Some rabbis thought that one command or another was the basis for the other commands, as if one could deduce the other laws from the one principle. Hillel, the teacher of Paul’s mentor Gamaliel, taught “‘What is hateful to you, to your fellow don’t do.’ That’s the entirety of the Torah; everything else is elaboration” (b. Šabb. 31a [Neusner]). But they would go on to say that love for one’s neighbor must be expressed by observance of all the commandments. Paul is turning this logic on its head, saying that loving one’s neighbor in God’s way is already the fulfillment of all the laws.
Paul mentions some of the Ten Commandments, out of order: commit adultery, kill, steal, covet, (7, 6, 8, 10; it is possible that Paul is following another traditional order than that found in Exod 20) and adds “whatever other command there may be”. He is not speaking just of the other six commandments, but of the rest of the 613 laws of Torah. He has already shown that a Spirit-directed believer will turn away from idolatry (the first two commandments). But at the same time, Jews apart from Christ in effect cannot obey even the most fundamental commandments: theft, adultery, idolatry (2:17-24).
One commandment that is noticeable by its absence is the fourth, to keep the Sabbath day. A later rabbi would assert that it is the Sabbath law that epitomized God’s will: “if Israel kept the Sabbath properly even for a single day, the son of David would come. Why? Because it is equivalent to all the commandments” (Rabbi Levi in Midrash Exod Rabb 25:12). The theme will come up in Romans 14, where some Jewish believers honor the Sabbath, but the Gentiles do not (14:5). Again, some observe some type of food regimen, while others do not (14:2). There is friction in the church – who is right and who wrong? Paul says there is freedom to make one choice or the other, but that the command to love will resolve all difficulties between Christian and Christian.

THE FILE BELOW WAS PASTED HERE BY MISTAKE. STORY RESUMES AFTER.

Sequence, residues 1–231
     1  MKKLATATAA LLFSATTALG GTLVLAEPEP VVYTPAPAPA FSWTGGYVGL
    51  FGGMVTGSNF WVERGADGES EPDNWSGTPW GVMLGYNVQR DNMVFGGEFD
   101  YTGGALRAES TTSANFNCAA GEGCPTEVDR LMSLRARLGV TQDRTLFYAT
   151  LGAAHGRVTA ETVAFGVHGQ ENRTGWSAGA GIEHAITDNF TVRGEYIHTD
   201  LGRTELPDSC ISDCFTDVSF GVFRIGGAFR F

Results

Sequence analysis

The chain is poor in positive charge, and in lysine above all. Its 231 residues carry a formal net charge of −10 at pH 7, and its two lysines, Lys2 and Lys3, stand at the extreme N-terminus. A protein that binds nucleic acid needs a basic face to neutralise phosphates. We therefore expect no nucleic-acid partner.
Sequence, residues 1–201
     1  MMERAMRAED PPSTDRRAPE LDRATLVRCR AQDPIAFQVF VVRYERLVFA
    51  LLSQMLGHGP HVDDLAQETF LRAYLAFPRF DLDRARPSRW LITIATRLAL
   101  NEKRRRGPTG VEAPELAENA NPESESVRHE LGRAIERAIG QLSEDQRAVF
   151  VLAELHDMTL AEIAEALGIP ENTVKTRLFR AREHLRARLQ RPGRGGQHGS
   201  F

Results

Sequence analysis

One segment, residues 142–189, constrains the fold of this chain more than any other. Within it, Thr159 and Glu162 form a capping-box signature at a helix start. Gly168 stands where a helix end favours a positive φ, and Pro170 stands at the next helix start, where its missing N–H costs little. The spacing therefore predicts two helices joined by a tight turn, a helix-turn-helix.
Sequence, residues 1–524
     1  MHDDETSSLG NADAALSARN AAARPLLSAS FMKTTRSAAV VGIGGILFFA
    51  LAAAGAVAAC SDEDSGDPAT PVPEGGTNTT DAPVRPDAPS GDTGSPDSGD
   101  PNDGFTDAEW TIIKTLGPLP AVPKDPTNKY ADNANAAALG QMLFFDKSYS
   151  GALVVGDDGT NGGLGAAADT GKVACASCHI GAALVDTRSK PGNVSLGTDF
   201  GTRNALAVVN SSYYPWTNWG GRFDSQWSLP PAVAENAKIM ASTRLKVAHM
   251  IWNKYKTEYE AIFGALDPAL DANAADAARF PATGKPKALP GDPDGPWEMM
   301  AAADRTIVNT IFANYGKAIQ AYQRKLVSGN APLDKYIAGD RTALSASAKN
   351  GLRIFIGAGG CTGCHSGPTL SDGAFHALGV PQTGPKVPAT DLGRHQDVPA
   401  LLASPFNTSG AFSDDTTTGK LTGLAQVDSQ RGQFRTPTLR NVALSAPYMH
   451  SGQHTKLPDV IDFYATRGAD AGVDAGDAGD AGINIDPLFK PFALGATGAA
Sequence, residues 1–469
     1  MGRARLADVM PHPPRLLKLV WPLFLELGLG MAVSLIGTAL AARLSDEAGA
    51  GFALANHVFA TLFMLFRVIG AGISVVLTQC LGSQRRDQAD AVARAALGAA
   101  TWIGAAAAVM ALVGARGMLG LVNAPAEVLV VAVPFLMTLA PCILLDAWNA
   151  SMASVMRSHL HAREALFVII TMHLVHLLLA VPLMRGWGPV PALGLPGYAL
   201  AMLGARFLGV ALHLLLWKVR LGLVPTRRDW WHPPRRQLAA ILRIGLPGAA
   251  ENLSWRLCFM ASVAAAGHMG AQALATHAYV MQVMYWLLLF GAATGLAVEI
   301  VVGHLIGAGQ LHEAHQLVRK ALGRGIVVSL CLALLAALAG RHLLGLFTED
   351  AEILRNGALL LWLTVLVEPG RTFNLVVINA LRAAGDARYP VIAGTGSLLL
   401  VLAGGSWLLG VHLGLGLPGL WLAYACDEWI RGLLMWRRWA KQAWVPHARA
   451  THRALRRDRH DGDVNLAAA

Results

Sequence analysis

Paul quotes from Leviticus 19:18, just as Jesus did when pressed about which is the great commandment – “Love you neighbor as yourself.” Who is the “other” (v. 8b) or the “neighbor” (v. 9)? To begin with, he is referring to other believers (esp. 14:1-15:7). Nevertheless, he has shown in this section that he is speaking about all people (esp. 12:14-21). In the original context of Leviticus, the law of love means that slander, hatred, and vengeance are forbidden to Israel.
Practical Thought: Much confusion has arisen about Leviticus 19:18 in the last few decades. The false reasoning goes that we are not to put God first and then others second. Rather, it is said, the phrase “as yourself” implies that a person has to grow in love for himself first before being able to love others. So the order is: love and respect myself; then love my neighbor in the same way that I love and care for myself. This is a fundamental misunderstanding of the text. The Bible everywhere assumes that humans want to be treated fairly, with dignity and justice. This doesn’t mean that we always make rational choices in our own best self-interest, only that we are pleased to do what we believe to be in our interest. This is expressed in the Golden Rule, which Jesus expressed in its positive form in Matthew 7:12 – “do to others what you would have them do to you,” adding that “for this sums up the Law and the Prophets.”
To sum up, in v. 10 Paul expresses the principle in negative terms, as a so-called Silver Rule, perhaps in the way that he had inherited from Hillel (see above) – “Love does no harm to a neighbor.” And once again, love is the fulfilling of Torah (plērōma, the noun form; Jesus uses the verb in Matt 5:17).